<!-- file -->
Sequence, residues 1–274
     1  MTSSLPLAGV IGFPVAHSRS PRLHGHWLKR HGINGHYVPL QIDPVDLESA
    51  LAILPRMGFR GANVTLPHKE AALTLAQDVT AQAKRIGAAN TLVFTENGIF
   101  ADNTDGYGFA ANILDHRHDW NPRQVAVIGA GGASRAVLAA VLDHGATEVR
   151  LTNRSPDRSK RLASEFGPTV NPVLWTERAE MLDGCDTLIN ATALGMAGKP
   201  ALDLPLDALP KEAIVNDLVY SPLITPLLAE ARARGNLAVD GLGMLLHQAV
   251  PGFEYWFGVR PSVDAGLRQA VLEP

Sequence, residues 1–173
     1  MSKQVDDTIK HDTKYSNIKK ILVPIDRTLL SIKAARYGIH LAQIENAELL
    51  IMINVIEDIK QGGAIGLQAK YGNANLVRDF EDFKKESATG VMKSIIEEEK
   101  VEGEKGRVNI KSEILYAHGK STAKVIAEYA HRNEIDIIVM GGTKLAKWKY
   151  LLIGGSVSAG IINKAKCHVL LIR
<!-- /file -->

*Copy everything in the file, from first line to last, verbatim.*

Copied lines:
Sequence, residues 1–274
     1  MTSSLPLAGV IGFPVAHSRS PRLHGHWLKR HGINGHYVPL QIDPVDLESA
    51  LAILPRMGFR GANVTLPHKE AALTLAQDVT AQAKRIGAAN TLVFTENGIF
   101  ADNTDGYGFA ANILDHRHDW NPRQVAVIGA GGASRAVLAA VLDHGATEVR
   151  LTNRSPDRSK RLASEFGPTV NPVLWTERAE MLDGCDTLIN ATALGMAGKP
   201  ALDLPLDALP KEAIVNDLVY SPLITPLLAE ARARGNLAVD GLGMLLHQAV
   251  PGFEYWFGVR PSVDAGLRQA VLEP

Sequence, residues 1–173
     1  MSKQVDDTIK HDTKYSNIKK ILVPIDRTLL SIKAARYGIH LAQIENAELL
    51  IMINVIEDIK QGGAIGLQAK YGNANLVRDF EDFKKESATG VMKSIIEEEK
   101  VEGEKGRVNI KSEILYAHGK STAKVIAEYA HRNEIDIIVM GGTKLAKWKY
   151  LLIGGSVSAG IINKAKCHVL LIR